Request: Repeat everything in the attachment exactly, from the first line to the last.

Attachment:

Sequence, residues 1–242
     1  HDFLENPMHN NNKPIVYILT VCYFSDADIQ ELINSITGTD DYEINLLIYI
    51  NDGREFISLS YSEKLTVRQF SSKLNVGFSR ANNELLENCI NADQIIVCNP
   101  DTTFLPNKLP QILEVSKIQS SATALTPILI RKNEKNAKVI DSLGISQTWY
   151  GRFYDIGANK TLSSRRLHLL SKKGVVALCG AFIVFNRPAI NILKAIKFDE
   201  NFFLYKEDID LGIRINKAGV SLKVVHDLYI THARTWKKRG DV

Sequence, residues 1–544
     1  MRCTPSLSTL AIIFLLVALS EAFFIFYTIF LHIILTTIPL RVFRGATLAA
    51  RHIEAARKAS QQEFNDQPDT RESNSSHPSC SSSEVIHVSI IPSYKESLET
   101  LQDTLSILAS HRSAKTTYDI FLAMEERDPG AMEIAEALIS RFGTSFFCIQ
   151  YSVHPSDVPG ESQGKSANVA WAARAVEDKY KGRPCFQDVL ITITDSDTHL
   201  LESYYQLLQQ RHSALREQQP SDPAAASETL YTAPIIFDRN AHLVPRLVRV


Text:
Sequence, residues 1–242
     1  HDFLENPMHN NNKPIVYILT VCYFSDADIQ ELINSITGTD DYEINLLIYI
    51  NDGREFISLS YSEKLTVRQF SSKLNVGFSR ANNELLENCI NADQIIVCNP
   101  DTTFLPNKLP QILEVSKIQS SATALTPILI RKNEKNAKVI DSLGISQTWY
   151  GRFYDIGANK TLSSRRLHLL SKKGVVALCG AFIVFNRPAI NILKAIKFDE
   201  NFFLYKEDID LGIRINKAGV SLKVVHDLYI THARTWKKRG DV

Sequence, residues 1–544
     1  MRCTPSLSTL AIIFLLVALS EAFFIFYTIF LHIILTTIPL RVFRGATLAA
    51  RHIEAARKAS QQEFNDQPDT RESNSSHPSC SSSEVIHVSI IPSYKESLET
   101  LQDTLSILAS HRSAKTTYDI FLAMEERDPG AMEIAEALIS RFGTSFFCIQ
   151  YSVHPSDVPG ESQGKSANVA WAARAVEDKY KGRPCFQDVL ITITDSDTHL
   201  LESYYQLLQQ RHSALREQQP SDPAAASETL YTAPIIFDRN AHLVPRLVRV